The guilt or innocence of swimming coaches Scott Volkers, Terry Buck or Stephen Roser is not the question for this royal commission, but the treatment of their alleged victims is.
Some of them took the stand on Monday, sometimes tearful, often angry, to testify against the system that they say betrayed and belittled them, and refused to believe them or trivialised their claims that they were repeatedly abused as child swimmers.
Kylie Rogers, who alleges she was 14 when Mr Volkers began molesting her in the mid-1980s, sobbed as she recalled her mental breakdown years later, in 2002, and being taken involuntarily to hospital.
"I remember saying to the police 'Can you shoot me? Just shoot me'," she said.
This was soon after the committal hearing into allegations that Mr Volkers abused Ms Rogers, Julie Gilbert and Simone Boyce while he was their coach in Queensland.
The Queensland Director of Public Prosecutions soon dropped that case, convinced it had no hope of a conviction so long after the alleged abuses. The deputy DPP, Paul Rutledge, had decided the "complainants had a smell about them and his own experience of taking children to swimming training did not support the complainants' version".
Ms Gilbert described how "appalled" she was when, in a 2004 review of the case, the NSW DPP supported that decision and this state's deputy senior Crown prosecutor, Margaret Cunneen, SC, concluded: "She does come across as someone looking for someone to blame for not being a more successful swimmer."
Ms Cunneen had referred to the "unlikelihood that a 13-year-old girl would have experienced an orgasm while being indecently assaulted" and Ms Gilbert took her to task over whether she was qualified to make this assumption, noting evidence contradicted her.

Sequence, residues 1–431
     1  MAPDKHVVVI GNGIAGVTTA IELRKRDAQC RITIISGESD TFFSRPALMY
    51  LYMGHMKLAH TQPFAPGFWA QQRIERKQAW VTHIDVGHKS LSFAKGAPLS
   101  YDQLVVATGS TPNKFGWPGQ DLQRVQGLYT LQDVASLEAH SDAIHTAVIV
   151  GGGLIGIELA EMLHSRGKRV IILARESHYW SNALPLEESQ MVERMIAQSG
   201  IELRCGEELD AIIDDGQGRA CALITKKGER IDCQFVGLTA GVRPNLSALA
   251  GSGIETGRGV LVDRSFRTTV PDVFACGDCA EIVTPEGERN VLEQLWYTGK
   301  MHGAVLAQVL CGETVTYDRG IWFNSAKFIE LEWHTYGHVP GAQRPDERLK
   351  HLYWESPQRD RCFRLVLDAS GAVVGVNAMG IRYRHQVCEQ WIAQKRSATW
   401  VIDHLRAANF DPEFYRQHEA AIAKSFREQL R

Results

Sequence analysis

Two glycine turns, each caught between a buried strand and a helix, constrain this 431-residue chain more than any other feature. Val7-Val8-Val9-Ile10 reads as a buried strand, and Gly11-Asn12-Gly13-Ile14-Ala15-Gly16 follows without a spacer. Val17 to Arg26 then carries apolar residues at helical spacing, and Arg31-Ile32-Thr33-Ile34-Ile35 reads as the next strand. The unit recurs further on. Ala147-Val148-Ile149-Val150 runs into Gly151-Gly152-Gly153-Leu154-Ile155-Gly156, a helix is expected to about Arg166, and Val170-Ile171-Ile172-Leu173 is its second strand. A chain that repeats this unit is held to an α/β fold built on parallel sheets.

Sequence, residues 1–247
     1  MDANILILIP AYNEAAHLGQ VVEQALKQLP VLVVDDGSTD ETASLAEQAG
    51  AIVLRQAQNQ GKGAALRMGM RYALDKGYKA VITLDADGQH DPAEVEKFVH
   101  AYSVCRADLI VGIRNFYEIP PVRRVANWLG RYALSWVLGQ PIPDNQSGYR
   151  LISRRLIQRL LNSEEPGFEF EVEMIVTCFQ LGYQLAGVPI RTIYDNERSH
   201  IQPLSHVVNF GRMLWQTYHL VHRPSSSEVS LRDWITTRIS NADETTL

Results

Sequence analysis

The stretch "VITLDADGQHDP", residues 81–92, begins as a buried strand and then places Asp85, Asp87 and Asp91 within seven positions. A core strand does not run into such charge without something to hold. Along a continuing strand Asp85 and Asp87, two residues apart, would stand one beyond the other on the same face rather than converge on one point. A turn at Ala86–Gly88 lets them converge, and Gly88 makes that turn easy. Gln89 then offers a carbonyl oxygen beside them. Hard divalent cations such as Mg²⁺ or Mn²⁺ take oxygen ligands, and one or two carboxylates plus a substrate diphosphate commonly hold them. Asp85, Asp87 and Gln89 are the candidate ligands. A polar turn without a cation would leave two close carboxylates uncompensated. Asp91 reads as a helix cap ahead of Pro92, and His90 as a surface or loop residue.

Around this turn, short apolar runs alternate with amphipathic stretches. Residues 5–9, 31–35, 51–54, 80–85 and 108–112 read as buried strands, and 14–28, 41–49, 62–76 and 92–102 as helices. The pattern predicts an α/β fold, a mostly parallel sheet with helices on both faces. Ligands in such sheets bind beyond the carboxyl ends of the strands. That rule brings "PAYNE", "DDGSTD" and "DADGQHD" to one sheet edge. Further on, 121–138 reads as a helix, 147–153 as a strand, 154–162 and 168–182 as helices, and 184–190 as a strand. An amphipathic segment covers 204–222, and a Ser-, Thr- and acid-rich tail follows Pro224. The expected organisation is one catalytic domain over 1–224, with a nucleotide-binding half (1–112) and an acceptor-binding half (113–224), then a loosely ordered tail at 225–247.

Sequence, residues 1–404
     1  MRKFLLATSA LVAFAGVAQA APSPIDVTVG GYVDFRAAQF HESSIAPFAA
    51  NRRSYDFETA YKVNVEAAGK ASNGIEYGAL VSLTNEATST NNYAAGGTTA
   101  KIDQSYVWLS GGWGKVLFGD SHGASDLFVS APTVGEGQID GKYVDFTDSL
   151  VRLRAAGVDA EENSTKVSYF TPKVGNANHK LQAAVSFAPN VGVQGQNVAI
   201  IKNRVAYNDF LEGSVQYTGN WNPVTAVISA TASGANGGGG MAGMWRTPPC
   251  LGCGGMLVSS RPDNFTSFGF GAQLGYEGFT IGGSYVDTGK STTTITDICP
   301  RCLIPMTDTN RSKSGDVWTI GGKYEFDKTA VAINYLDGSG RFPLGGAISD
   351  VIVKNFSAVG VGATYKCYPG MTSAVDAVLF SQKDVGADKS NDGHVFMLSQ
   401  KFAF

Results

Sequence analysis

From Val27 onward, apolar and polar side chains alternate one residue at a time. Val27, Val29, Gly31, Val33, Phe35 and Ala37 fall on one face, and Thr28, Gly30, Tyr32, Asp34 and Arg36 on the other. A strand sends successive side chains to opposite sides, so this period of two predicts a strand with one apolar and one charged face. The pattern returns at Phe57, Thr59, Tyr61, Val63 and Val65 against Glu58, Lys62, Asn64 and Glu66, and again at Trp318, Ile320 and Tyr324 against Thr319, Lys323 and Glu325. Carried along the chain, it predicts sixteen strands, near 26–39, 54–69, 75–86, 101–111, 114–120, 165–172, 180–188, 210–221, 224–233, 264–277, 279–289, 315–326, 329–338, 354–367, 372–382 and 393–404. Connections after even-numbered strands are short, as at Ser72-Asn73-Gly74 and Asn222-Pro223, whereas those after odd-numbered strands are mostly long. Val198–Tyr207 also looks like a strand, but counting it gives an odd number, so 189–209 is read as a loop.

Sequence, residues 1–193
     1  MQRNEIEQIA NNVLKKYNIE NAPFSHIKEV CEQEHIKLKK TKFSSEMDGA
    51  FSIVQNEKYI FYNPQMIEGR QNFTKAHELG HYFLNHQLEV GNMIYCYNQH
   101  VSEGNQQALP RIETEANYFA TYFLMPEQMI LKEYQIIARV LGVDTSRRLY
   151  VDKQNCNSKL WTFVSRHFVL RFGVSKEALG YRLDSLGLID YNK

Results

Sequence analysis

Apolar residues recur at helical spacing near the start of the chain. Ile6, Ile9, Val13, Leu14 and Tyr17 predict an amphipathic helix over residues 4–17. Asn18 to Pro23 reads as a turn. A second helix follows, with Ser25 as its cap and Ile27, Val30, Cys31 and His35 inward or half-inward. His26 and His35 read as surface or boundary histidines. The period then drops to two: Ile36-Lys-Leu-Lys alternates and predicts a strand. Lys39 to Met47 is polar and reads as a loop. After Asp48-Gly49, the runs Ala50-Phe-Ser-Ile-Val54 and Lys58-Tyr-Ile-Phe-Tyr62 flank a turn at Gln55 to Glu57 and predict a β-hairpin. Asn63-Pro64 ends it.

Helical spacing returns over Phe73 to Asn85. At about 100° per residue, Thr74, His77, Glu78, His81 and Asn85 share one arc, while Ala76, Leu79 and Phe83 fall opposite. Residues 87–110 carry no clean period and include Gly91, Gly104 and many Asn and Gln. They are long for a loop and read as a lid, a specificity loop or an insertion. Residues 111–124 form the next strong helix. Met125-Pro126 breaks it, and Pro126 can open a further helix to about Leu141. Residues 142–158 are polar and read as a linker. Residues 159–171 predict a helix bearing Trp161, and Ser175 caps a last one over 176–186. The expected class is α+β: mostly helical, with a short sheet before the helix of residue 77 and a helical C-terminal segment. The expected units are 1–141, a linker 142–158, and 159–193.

The three former swimmers detailed how Mr Volkers allegedly abused them: massaging their breasts, touching their vaginas, putting his tongue in their ears. Ms Gilbert, now a dietician and mother of four, cried only once during her testimony, when describing the eating disorder she endured, which she blamed on Mr Volkers' alleged abuses.
She described the meeting where Mr Rutledge explained why the case against Mr Volkers was being dropped.
"He was condescending and made me feel like I was just a housewife," she said. He had said words to the effect that the DPP "could not use public money to go after a high-profile person like Volkers when three of us were saying something had happened but a thousand other girls trained by him said nothing happened to them".
Ms Gilbert alleged Mr Rutledge told her: "If it's any consolation to you, my wife believes you."
Ms Boyce, now a night shelf stacker with Woolworths, echoed Ms Gilbert when she said how hurtful it had been when the media branded them as liars.
Witness AEB was 13 years old in 1985 when her coach at the Scone Swimming Club, Mr Roser, molested her. In 1994, he pleaded guilty to indecent assault but AEB, who had won the inaugural Stephen Roser breast stroke award as a teenager, was horrified to learn that the prize continued under his name well after his conviction.
"It makes me nauseous that 29 kids have received that trophy," she told the royal commission. The club had renamed the award at her request.
Witness AEA was 11, he said, when his coach, Terry Buck – an Olympian who he called a "legend" – began abusing him at the Clovelly Surf Life Saving Club in 1960. Buck died in 2005 and the story did not emerge until 2009 – and AEA says he has since been shunned and it has ruined his own career as a swimming coach.
Asked why he was giving his story to the royal commission, AEA said: "I had to tell what a monster this man was to me and my family."
The story Child swimmers speak of betrayal after abuse allegations first appeared on The Sydney Morning Herald.